It has been almost a week since my last post. The College of Law Practice Management‘s Futures Conference was awesome, but my absence means I’m going to have to break the latest news into two posts, with the second to follow Wednesday.
- Here’s the fourth and final installment of Thomson Reuters’ Law2020 series: Big Data and the Litigation Analytics Revolution. There’s not much new here, but it brings together a lot of current thinking in one lengthy post.
- Above the Law, in partnership with RSM, has produced an eBook, Using Data Analytics to Combat Fraud. Here’s how to download your copy.
- In this post from Information Age (Applying AI and ‘new maths’ to solve complex real-world challenges), James Loxam of Luminance discusses the challenges around the application of AI with special emphasis on Cybersecurity. “What we’re now seeing is the emergence of AI-powered technology which is reading and understanding contracts and documents in the same way a human can. Machine learning algorithms are giving the technology the ability to learn and teach itself from the data it is shown, without needing explicit programming. The technology is only as good as the human operating it, but it is fair to suggest that the human is no longer as good at their job without the technology.”
- LexisNexis has released the results of a new survey: Legal Technology: Looking Past the Hype. Register for the report download here. The methodology description is sparse and not very clear, but I believe they conducted 30 in-depth interviews with in-house counsel and 110 responded to an online survey. Assuming no non-response bias (always a big assumption), the overall findings are probably accurate within about +/- 10 percentage points. (E.g., “37% of GCs do not know what technology their law firm is using” should be read as “between 27 and 47% …”) The breakdowns into respondent categories should be ignored.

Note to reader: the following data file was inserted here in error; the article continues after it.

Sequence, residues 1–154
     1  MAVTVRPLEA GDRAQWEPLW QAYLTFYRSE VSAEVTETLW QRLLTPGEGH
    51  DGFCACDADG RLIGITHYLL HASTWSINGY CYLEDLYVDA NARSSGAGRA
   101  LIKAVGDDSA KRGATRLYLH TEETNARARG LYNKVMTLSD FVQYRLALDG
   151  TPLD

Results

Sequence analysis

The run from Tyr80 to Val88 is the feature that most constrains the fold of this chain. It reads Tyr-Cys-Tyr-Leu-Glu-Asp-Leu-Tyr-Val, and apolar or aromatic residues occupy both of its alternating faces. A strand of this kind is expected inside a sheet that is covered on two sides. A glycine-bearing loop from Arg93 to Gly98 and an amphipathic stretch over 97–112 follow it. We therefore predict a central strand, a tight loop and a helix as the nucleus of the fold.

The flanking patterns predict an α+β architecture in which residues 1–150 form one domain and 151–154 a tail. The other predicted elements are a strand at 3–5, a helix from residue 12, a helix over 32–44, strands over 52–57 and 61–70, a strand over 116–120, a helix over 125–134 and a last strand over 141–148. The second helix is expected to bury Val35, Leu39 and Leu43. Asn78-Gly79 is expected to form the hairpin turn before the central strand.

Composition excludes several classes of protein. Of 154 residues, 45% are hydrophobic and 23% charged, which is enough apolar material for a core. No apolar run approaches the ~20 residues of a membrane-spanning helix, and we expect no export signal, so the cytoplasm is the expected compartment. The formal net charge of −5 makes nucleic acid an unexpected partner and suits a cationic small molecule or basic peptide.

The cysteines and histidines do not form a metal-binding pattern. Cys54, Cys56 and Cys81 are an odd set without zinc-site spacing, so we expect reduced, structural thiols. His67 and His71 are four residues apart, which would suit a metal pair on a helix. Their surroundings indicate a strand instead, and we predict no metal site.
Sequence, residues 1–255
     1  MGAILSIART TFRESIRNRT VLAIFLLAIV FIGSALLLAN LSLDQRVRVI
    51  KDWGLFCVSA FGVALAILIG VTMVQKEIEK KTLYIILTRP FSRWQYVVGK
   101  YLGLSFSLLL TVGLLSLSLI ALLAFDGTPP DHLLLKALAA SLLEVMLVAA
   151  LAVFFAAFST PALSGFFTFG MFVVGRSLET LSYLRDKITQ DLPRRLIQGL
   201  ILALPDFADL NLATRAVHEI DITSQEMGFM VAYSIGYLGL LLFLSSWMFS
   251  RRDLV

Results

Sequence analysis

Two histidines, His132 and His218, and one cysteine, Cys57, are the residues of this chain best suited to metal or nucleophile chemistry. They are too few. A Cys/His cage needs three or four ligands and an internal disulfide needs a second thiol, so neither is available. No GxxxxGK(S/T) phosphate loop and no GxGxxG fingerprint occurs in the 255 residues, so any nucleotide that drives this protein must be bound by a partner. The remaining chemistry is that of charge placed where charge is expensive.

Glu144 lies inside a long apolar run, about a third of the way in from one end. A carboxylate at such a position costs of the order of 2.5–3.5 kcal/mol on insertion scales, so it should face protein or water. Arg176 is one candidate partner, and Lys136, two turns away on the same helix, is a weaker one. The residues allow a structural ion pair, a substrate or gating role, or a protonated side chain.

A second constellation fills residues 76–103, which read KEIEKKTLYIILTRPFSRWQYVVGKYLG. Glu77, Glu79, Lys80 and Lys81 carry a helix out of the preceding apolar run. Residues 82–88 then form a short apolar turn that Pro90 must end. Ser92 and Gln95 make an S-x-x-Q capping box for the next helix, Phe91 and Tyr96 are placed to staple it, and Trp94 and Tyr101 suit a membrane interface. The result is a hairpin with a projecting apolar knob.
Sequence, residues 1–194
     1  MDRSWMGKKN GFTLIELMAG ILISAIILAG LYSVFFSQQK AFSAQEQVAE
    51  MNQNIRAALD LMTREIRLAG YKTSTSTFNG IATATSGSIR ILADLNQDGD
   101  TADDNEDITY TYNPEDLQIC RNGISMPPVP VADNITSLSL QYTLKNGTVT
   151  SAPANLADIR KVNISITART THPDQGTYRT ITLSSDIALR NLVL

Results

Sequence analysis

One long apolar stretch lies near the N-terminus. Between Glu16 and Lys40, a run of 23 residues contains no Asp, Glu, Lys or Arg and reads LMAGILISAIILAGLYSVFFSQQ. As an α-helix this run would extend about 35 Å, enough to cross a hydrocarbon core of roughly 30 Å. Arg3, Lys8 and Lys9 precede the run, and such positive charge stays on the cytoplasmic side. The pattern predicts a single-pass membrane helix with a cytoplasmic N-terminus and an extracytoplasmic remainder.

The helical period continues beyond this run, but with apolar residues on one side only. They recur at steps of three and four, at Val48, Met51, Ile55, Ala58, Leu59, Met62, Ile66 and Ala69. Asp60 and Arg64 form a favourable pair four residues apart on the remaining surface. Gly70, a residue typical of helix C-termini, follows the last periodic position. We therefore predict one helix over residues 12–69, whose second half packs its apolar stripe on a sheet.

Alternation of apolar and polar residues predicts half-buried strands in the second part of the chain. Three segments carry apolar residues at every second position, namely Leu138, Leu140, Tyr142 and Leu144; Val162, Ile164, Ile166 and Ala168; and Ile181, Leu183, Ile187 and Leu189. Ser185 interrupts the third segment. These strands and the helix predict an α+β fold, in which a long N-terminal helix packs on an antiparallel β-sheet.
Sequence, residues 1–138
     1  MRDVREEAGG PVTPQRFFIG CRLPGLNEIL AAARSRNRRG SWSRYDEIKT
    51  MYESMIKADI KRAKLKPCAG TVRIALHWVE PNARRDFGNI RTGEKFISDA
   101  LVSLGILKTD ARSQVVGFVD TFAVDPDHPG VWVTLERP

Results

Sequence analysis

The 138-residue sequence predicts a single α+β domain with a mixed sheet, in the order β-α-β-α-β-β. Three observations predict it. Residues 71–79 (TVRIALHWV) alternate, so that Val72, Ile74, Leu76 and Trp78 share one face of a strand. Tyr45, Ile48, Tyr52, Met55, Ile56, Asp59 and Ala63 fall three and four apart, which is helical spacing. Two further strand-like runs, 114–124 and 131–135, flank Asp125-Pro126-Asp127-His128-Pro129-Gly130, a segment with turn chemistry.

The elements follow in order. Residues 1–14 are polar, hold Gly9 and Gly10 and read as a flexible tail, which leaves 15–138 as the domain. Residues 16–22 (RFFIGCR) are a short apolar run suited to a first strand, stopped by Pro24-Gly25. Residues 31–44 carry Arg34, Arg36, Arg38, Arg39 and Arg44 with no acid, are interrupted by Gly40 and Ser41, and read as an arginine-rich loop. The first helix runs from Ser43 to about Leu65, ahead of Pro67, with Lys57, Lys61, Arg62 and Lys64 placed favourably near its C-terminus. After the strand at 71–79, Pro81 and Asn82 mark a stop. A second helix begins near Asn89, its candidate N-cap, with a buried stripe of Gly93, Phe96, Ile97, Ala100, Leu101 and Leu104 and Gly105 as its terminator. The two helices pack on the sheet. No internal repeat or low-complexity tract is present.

There is some interesting third-party data reported. For instance, “Crunchbase estimates that over $1.5B has been invested by venture capitalists into legal start up. This number excludes private equity investments nor does it look at the money spent by law firms and larger corporates operating in this space.”
- “Artificial Intelligence software provider, Neota Logic and leading law firm, McCann FitzGerald have announced a partnership with University of Limerick to deliver the first-ever third-level legal tech course from spring 2019. In what is a first for the legal industry and legal education in Ireland, students will have the opportunity to learn how to design, build and test digital legal solutions using the Neota Logic System, a no-code development platform for the automation of professional services.” Details here.
- Press release: US service makes data available on 100,000 lawyers’ litigation history. “Bloomberg Law’s enhanced Litigation Analytics tool now enables users to search, review, and analyze company representation information for more than 100,000 attorneys at over 775 law firms.”
- “(T)he French data protection authority, the CNIL, the European Data Protection Supervisor and Italian DPA, the Garante, co-authored a new declaration on ethics and data protection in artificial intelligence. Along with the declaration’s six principles, the ICDPPC, ‘in order to further elaborate guidance to accompany the principles,’ will establish “a permanent working group addressing the challenges of artificial intelligence development,” an ICDPPC release states.” Much more from The International Association of Privacy Professionals (iapp) here.